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Child Development Research
Volume 2011 (2011), Article ID 830345, 9 pages
http://dx.doi.org/10.1155/2011/830345
Research Article

The Role of Athletics in the Self-Esteem of Tomboys

1Department of Psychology, New York University, 6 Washington Place, New York, NY 10003, USA
2Department of Psychology, Princeton University, Green Hall, Princeton, NJ 08540, USA
3Department of Psychology, Stony Brook University, Stony Brook, NY 11794, USA

Received 15 June 2011; Accepted 19 October 2011

Academic Editor: Masha Gartstein

Copyright © 2011 May Ling Halim et al. This is an open access article distributed under the Creative Commons Attribution License, which permits unrestricted use, distribution, and reproduction in any medium, provided the original work is properly cited.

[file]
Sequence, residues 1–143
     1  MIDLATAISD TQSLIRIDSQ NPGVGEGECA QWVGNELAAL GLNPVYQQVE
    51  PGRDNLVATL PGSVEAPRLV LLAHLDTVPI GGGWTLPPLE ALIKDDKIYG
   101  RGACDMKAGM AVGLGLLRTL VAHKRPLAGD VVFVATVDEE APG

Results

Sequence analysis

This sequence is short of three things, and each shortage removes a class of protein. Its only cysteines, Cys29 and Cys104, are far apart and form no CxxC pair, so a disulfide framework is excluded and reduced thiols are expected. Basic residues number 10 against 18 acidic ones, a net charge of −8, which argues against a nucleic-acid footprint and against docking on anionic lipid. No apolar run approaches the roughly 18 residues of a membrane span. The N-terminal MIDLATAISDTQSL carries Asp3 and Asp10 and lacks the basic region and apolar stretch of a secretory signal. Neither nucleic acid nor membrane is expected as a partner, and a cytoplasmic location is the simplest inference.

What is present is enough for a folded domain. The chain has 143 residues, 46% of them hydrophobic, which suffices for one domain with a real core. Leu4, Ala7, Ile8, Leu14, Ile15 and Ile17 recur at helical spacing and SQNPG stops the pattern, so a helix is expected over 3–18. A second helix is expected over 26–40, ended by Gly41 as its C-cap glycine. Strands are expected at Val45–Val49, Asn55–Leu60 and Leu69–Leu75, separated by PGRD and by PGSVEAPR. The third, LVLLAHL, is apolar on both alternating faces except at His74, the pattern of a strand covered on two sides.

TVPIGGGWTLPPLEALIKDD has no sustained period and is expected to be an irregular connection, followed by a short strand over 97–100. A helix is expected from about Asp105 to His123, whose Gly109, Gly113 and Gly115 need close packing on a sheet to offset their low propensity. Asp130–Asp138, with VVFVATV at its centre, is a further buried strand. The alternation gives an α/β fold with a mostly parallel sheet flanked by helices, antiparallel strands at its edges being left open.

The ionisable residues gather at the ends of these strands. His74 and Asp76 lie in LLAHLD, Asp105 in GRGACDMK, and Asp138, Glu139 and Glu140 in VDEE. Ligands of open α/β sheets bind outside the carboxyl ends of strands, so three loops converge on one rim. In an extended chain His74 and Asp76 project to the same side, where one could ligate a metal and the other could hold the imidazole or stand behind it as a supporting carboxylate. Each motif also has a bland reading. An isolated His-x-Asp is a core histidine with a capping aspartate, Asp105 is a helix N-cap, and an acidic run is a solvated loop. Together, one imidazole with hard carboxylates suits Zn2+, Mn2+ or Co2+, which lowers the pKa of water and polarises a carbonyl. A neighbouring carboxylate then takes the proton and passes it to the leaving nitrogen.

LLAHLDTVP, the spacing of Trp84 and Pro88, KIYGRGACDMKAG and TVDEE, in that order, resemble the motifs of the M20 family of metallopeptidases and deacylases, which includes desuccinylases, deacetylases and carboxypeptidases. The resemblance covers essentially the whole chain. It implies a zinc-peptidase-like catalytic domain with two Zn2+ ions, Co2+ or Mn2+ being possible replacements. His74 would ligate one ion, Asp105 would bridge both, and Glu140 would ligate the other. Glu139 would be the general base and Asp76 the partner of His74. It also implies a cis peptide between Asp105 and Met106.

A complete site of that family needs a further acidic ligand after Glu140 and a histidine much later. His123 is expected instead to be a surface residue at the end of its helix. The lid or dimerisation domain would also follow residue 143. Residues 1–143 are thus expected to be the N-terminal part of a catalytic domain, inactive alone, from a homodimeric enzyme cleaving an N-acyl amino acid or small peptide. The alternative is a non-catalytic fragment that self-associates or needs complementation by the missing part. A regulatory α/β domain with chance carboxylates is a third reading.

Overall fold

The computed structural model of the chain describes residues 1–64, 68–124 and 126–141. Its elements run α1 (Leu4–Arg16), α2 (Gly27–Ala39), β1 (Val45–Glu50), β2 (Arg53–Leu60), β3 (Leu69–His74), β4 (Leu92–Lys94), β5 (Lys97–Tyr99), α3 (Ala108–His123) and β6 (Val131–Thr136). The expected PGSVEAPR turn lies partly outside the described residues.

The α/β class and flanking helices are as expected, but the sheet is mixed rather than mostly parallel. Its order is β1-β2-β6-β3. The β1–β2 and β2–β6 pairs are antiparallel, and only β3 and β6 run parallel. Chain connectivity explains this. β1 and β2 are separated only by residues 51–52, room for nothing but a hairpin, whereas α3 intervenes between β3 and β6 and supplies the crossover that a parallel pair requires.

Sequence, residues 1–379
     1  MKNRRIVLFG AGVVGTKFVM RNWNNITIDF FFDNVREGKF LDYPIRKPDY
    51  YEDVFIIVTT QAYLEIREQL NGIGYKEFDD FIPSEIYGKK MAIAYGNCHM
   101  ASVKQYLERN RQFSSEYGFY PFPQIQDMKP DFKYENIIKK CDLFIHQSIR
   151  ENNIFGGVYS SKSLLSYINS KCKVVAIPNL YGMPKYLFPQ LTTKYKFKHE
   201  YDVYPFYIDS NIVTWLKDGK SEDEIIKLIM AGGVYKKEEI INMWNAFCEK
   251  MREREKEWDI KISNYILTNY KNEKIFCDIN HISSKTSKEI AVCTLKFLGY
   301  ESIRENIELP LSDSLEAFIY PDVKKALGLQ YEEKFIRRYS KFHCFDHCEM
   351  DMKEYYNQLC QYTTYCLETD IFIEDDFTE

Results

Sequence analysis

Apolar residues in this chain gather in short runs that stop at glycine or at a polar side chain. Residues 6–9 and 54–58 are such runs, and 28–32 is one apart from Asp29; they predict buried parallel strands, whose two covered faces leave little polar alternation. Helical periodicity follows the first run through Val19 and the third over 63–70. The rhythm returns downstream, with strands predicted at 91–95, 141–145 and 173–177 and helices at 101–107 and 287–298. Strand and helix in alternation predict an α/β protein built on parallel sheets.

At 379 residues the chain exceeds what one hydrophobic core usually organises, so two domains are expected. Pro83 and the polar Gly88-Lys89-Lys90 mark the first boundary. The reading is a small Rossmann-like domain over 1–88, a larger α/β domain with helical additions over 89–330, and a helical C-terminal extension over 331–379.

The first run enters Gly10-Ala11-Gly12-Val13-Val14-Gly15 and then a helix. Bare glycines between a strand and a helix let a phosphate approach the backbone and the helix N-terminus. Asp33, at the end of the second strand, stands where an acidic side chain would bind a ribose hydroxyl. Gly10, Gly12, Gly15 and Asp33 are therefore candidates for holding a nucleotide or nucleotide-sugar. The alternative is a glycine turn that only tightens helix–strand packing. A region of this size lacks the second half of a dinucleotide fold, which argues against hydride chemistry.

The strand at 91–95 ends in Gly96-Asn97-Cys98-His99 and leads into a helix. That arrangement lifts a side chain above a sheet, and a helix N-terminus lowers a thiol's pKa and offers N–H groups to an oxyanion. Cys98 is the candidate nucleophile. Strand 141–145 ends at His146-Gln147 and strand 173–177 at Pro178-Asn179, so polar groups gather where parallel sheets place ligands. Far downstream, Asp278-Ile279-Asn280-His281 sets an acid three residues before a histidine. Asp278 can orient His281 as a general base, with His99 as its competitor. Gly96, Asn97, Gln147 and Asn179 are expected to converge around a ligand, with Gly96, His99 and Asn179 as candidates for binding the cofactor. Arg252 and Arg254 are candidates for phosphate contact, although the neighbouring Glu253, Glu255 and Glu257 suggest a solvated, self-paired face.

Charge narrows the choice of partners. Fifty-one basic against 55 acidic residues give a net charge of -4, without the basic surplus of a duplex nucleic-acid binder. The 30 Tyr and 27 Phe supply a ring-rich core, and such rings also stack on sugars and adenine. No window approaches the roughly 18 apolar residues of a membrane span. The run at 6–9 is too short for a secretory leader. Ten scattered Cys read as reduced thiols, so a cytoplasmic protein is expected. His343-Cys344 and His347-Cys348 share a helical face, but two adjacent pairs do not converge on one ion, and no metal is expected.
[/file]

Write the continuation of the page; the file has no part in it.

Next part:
Abstract

Many girls self-identify as tomboys, yet little is known about their experiences. Tomboys deviate from gender stereotypes; they also may be more highly aware of gender status differences. Because tomboys may feel different from others and more keenly feel the lower status of their gender group, they may suffer from lower levels of self-esteem. Yet many tomboys also tend to participate in athletics, an activity that often leads to higher levels of self-esteem. Two studies sought to disentangle the interactive effects of tomboy identification and athleticism on self-esteem. Study 1 sampled 144 female undergraduates and Study 2 sampled 66 girls aged from 8 to 13. In both studies, greater self-identification as a tomboy during childhood was associated with lower current self-esteem, but only for less athletic participants. Tomboys who were highly athletic had high levels of self-esteem. Together these findings suggest that participating in athletics can protect tomboys from decreased self-esteem.